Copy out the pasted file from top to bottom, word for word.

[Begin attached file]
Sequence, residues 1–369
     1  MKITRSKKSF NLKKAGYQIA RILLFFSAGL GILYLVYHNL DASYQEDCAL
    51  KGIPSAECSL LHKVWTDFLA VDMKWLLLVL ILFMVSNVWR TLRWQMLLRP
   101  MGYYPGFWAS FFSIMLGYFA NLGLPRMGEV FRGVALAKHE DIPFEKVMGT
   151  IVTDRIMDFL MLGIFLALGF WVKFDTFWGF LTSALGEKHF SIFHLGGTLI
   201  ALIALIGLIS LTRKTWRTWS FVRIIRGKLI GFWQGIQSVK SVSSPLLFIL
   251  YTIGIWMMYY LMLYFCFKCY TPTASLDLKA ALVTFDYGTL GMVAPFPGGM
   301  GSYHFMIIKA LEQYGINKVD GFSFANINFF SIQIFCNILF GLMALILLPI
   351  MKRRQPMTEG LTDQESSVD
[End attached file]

Sequence, residues 1–369
     1  MKITRSKKSF NLKKAGYQIA RILLFFSAGL GILYLVYHNL DASYQEDCAL
    51  KGIPSAECSL LHKVWTDFLA VDMKWLLLVL ILFMVSNVWR TLRWQMLLRP
   101  MGYYPGFWAS FFSIMLGYFA NLGLPRMGEV FRGVALAKHE DIPFEKVMGT
   151  IVTDRIMDFL MLGIFLALGF WVKFDTFWGF LTSALGEKHF SIFHLGGTLI
   201  ALIALIGLIS LTRKTWRTWS FVRIIRGKLI GFWQGIQSVK SVSSPLLFIL
   251  YTIGIWMMYY LMLYFCFKCY TPTASLDLKA ALVTFDYGTL GMVAPFPGGM
   301  GSYHFMIIKA LEQYGINKVD GFSFANINFF SIQIFCNILF GLMALILLPI
   351  MKRRQPMTEG LTDQESSVD